by Jordan Green
Concerned that county leaders are on the verge of making a decision on the Rich Fork Preserve, a local citizens committee in High Point and conservationists from across the county are recommending a plan, but at least one county commissioner says the project might be shelved until the controversy dies down.
The Rich Fork Preserve Committee, a group of High Point residents joined by conservationists from across Guilford County, adopted a plan to develop the 116-acre preserve during a meeting on Monday at the High Point Museum.
After approving a unanimous resolution in support of the plan, committee members agreed to deliver copies to the Republican-controlled Guilford County Commission, with whom they have butted heads over the past several months on the issue of mountain biking, in hopes that they can forge an agreement for the future of the preserve.
The plan calls for the county to spend funds from the 2004 open space bond to complete a gravel parking lot at the West Parris Avenue entrance to the preserve and install an entrance kiosk and trail signage. Dorothy Darr, a committee member, said she believes $300,000 remains in the bond fund, which began with $10 million and was mostly spent to acquire 14 open space properties across the county. Under the plan adopted by the committee, a $20,000 grant from the late Lib Connor would be used to develop a walking trail on property previously owned by her family, and private grant funds raised through the High Point Historical Society would pay for the stabilization of the historic Hedgecock farmhouse near the West Parris Avenue entrance.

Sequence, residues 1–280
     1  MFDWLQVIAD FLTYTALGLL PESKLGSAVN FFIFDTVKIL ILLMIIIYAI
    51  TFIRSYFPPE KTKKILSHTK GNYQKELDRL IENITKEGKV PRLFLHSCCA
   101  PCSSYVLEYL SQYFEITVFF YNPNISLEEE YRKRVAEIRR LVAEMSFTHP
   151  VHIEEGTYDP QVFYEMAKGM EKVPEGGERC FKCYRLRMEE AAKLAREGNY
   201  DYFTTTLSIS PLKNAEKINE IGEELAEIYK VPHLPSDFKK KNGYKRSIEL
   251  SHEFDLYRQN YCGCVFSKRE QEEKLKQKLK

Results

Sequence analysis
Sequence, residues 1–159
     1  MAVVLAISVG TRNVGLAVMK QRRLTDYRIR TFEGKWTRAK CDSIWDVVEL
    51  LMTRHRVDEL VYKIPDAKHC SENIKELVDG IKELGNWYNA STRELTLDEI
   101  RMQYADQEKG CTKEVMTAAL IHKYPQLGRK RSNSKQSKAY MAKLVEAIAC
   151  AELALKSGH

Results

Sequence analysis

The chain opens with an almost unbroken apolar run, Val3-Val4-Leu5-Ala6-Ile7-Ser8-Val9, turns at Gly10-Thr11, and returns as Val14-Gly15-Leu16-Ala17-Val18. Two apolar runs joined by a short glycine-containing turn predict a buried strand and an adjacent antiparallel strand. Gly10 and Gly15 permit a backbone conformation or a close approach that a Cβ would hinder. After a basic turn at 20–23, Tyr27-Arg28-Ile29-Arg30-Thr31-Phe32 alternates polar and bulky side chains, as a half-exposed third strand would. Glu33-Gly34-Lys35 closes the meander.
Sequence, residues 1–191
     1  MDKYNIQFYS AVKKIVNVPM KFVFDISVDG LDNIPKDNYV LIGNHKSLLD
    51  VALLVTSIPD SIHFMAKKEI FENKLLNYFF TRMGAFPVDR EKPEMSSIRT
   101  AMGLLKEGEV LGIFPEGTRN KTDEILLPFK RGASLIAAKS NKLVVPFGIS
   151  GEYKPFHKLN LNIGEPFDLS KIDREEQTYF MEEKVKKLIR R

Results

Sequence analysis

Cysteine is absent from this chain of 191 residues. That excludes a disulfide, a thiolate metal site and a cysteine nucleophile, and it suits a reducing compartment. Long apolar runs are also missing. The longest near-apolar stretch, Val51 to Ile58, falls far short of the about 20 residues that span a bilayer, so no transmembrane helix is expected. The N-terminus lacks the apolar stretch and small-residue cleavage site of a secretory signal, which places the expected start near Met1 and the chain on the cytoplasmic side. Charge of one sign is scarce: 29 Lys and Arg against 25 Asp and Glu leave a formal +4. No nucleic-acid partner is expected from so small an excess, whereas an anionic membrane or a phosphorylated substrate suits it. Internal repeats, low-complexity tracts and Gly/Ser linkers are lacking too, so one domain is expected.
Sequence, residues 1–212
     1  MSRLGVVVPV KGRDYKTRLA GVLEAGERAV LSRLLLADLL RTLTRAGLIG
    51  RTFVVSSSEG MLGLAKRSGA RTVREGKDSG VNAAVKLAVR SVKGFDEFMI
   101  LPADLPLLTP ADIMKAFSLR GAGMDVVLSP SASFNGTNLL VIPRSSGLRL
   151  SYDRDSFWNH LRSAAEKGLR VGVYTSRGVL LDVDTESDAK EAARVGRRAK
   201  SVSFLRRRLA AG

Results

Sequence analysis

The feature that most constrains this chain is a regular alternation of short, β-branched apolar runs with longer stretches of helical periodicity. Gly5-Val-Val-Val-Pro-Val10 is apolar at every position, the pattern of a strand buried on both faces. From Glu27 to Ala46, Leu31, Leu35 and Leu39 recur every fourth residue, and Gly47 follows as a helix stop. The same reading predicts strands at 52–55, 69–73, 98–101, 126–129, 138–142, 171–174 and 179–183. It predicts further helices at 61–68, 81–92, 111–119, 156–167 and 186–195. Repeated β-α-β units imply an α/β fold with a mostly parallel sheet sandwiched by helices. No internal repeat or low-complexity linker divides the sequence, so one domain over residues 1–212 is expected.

“We do think all of this is very doable in 12 to 18 months,” said Marie Poteat, a member of the subcommittee that drew up the plan. “This is a very fiscally responsible plan. That’s something we want to emphasize.”
Commissioner Alan Branson, the vice president of the county legislative board, declined to comment on the proposal in an interview on Tuesday. Branson has publicly clashed with members of the Rich Fork committee and the former Guilford County Open Space Committee. He said the two groups need to work together with the Greensboro Fat Tire Society, a mountain-biking advocacy group, if they want to make progress.
“We’ve got a master plan going; there’s nothing environmentally harmful,” said Branson, a Republican who represents rural District 4. “I look forward to working the rest of the commission going forward. There’s not sense in carrying the nonsense between these three groups of individuals on this parcel of property. There has to be some give and take somewhere down the road.”
Republican Commissioner Alan Perdue and Democratic Commissioner Carolyn Coleman, who respectively represent districts 2 and 7, said they hadn’t received the recommendation and would wait until they have an opportunity to review it to make any comment.
Rich Fork Preserve committee members debated whether bicycles should be allowed on a future connector trail — as distinct from a circuitous mountain biking complex, which all of them oppose. The debate came up both as a tactical consideration in trying to fashion a plan with a reasonable chance of buy-in from the county commission and on its own merits. Some, like Darr, argued that a connector trail through the preserve could link up with a future network of greenways throughout the city.